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Pandemic exposes drug supply shortages doctors have grappled with for "more than two decades"

80% of COVID-19 critical drugs in short supply
COVID-19 drug shortages reveal potential issues with global supply chain 04:11

A list put together by the University of Minnesota's Resilient Drug Supply Project shows that 32 out of 40 drugs deemed critical for treatment of COVID-19 patients are in short supply. The increase in demand is partly to blame, and has also exposed shortages of non-coronavirus drugs, from anesthetics to painkillers, that researchers say they have been struggling with for years.

"We had drugs on the shortage list for more than two decades," University of Minnesota Professor Stephen Schondelmeyer told CBS News' Anna Werner. "COVID-19 has kind of brought this to light."

Schondelmeyer said some drugs on the research project's list included "paralytics that they might use when they put you on a ventilator," while others are "as plain and common" as Tylenol's active ingredient, acetaminophen. 

Teenager Ava Valdez is not a COVID-19 patient, but the 18-year-old said she's rationing her use of her albuterol inhaler, which she needs for her allergy-induced asthma. 

"To have to wake up every morning and say, okay, can I use this thing that I desperately need and that will provide me immediate relief," she said. "It's really frustrating to not know whether or not I can have that."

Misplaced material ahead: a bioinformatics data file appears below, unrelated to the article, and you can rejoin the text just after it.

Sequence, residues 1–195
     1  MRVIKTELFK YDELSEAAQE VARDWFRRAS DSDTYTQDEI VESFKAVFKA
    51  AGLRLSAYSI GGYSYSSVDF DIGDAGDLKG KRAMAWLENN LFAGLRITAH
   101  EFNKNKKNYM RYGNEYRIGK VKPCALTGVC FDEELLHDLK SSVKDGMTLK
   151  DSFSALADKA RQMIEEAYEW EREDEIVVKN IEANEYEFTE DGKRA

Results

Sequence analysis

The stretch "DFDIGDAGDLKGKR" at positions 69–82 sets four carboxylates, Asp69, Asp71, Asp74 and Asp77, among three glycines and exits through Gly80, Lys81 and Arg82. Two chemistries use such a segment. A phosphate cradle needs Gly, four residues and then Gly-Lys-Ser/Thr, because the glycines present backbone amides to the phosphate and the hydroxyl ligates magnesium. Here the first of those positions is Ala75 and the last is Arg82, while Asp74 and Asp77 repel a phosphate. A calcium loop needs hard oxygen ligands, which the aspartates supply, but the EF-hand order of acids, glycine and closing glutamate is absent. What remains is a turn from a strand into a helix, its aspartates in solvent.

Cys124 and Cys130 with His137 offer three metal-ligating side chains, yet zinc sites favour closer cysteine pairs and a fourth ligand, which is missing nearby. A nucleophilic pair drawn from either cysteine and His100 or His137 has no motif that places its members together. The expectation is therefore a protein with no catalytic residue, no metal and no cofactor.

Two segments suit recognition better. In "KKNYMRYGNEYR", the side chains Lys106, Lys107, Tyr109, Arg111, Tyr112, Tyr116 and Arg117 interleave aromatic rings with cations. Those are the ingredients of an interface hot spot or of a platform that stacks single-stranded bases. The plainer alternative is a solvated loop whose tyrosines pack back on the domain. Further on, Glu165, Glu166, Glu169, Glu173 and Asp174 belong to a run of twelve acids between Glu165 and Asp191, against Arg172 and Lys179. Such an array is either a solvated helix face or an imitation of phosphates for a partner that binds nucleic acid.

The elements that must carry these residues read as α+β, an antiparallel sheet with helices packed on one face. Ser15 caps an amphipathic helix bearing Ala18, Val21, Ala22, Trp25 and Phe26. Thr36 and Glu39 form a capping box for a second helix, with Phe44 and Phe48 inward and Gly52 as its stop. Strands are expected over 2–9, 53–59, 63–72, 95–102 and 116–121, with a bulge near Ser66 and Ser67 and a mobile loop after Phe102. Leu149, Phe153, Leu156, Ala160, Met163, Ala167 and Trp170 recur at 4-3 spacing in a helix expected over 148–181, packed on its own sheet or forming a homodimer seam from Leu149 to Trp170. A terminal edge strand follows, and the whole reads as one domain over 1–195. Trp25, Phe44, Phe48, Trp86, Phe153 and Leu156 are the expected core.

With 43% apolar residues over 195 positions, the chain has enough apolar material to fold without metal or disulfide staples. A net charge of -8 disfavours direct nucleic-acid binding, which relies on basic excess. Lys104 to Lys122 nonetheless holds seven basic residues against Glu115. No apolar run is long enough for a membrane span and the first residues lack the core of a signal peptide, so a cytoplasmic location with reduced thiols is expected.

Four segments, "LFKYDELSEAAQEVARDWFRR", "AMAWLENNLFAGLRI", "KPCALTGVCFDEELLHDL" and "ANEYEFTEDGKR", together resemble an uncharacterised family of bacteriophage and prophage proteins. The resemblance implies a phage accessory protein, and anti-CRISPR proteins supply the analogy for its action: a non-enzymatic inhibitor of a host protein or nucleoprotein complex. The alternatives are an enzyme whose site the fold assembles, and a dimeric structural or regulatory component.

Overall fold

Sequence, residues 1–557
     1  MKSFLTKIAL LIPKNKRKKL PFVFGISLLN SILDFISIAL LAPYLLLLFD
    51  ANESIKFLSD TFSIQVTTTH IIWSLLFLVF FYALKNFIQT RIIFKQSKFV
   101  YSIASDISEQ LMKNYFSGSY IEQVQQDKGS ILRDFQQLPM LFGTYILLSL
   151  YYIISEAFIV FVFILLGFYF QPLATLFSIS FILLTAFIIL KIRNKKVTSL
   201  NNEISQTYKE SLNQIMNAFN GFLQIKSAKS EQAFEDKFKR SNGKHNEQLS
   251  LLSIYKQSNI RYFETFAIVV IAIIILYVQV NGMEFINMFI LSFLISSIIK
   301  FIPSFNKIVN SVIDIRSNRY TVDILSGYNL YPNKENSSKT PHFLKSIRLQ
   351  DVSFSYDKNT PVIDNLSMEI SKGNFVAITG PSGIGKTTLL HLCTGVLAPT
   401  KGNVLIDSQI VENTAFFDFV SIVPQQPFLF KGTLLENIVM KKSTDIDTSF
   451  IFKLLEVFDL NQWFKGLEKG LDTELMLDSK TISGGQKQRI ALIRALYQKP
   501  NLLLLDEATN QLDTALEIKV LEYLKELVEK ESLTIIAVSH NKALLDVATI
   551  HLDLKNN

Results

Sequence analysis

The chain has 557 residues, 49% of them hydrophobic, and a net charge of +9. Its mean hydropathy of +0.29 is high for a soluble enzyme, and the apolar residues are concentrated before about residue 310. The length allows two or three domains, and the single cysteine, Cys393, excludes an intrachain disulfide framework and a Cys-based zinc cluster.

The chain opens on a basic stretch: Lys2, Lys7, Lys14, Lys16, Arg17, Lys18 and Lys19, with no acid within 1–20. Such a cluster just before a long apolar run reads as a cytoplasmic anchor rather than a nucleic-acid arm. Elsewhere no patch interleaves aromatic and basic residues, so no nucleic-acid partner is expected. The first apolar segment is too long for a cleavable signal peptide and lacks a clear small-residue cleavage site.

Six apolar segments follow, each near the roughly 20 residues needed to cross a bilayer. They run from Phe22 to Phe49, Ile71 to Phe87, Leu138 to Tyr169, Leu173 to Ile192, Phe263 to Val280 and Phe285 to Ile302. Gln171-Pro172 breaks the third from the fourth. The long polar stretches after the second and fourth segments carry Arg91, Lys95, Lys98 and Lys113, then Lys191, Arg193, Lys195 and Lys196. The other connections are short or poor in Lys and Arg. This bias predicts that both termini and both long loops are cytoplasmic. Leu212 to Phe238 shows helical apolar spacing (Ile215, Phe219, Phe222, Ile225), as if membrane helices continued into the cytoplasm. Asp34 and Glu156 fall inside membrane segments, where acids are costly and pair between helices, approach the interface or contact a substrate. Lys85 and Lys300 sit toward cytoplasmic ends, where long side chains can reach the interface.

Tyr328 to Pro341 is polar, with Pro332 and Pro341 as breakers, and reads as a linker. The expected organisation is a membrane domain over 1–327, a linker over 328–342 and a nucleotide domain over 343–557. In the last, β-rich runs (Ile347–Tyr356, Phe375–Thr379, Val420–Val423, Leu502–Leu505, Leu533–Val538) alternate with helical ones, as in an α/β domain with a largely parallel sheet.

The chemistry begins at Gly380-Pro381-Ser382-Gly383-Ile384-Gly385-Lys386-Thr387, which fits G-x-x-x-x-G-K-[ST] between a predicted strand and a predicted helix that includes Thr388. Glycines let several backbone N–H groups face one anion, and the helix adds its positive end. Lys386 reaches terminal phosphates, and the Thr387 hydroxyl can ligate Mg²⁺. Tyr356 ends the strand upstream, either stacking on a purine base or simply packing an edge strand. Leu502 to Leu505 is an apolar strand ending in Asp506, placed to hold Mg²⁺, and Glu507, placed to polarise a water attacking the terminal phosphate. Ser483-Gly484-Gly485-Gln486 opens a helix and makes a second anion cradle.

Because of the pandemic, supplies of albuterol inhalers are running short. At least one manufacturer, Glaxosmithkline, said it has ramped up production of inhalers to meet increased demand. 

"Not being able to breathe is the most stressful thing in the world," Valdez said. 

According to healthcare services company Vizient, demand for three classes of drugs needed for patients on ventilators was 87% higher in April than in January, and just 57% of orders placed by its member hospitals could be filled. 

Dr. Anthony Fauci told the House of Representatives in March that health experts have been looking at supply chain issues since 2005. 

Fauci said then that "something like 90%" of the fundamental ingredients that go into many medications come from China, calling it a "real problem."

Rosemary Gibson, who co-authored the book "China Rx" on the risks of America's dependence on China for drug manufacturing, agrees with Fauci's assessment. 

"China has a dominant global market share for so many of the core chemicals and ingredients," necessary for critical drugs, she said. 

A Congressional research service report found that among other antibiotics, the U.S. gets 52% of its penicillin and 90% of tetracycline from China. The country also manufactures chemicals known as active pharmaceutical ingredients, or API's, which are key ingredients in drugs. 

"When I say China controls our supply of medicines and dominates the world supply, it's not the finished pills that we take, but it's the core ingredients — the chemicals to make them," Gibson explained.

Drug manufacturers say they are working to prevent shortages, and PhRMA, a group representing drug companies, says its members make significant investments to ensure proper supplies of their medicines. 

Still, Gibson predicts that if the issue is not addressed fully in the near future, the U.S. could face more shortages down the line. 

"We'll be standing in line with other countries, scrambling to find critical medicines, just as we are for masks and other protective gear," she said.

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